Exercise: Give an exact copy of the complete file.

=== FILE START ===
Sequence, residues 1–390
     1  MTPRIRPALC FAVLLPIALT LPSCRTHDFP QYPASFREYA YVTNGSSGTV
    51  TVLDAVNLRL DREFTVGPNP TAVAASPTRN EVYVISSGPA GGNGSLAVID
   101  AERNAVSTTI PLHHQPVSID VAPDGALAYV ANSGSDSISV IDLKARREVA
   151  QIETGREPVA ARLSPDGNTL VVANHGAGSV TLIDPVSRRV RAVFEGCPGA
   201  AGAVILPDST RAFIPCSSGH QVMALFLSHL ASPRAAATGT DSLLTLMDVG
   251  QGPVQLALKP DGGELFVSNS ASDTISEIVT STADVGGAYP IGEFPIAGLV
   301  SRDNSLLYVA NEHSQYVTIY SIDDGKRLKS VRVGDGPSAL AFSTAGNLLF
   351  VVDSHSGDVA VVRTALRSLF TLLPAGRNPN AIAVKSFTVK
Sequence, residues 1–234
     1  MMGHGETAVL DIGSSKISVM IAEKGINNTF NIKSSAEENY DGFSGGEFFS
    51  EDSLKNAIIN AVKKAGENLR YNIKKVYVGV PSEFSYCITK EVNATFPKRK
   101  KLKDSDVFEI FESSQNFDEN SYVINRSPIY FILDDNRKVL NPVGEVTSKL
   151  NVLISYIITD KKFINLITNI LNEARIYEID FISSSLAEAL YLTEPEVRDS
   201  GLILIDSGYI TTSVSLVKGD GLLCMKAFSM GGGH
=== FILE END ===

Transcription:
Sequence, residues 1–390
     1  MTPRIRPALC FAVLLPIALT LPSCRTHDFP QYPASFREYA YVTNGSSGTV
    51  TVLDAVNLRL DREFTVGPNP TAVAASPTRN EVYVISSGPA GGNGSLAVID
   101  AERNAVSTTI PLHHQPVSID VAPDGALAYV ANSGSDSISV IDLKARREVA
   151  QIETGREPVA ARLSPDGNTL VVANHGAGSV TLIDPVSRRV RAVFEGCPGA
   201  AGAVILPDST RAFIPCSSGH QVMALFLSHL ASPRAAATGT DSLLTLMDVG
   251  QGPVQLALKP DGGELFVSNS ASDTISEIVT STADVGGAYP IGEFPIAGLV
   301  SRDNSLLYVA NEHSQYVTIY SIDDGKRLKS VRVGDGPSAL AFSTAGNLLF
   351  VVDSHSGDVA VVRTALRSLF TLLPAGRNPN AIAVKSFTVK
Sequence, residues 1–234
     1  MMGHGETAVL DIGSSKISVM IAEKGINNTF NIKSSAEENY DGFSGGEFFS
    51  EDSLKNAIIN AVKKAGENLR YNIKKVYVGV PSEFSYCITK EVNATFPKRK
   101  KLKDSDVFEI FESSQNFDEN SYVINRSPIY FILDDNRKVL NPVGEVTSKL
   151  NVLISYIITD KKFINLITNI LNEARIYEID FISSSLAEAL YLTEPEVRDS
   201  GLILIDSGYI TTSVSLVKGD GLLCMKAFSM GGGH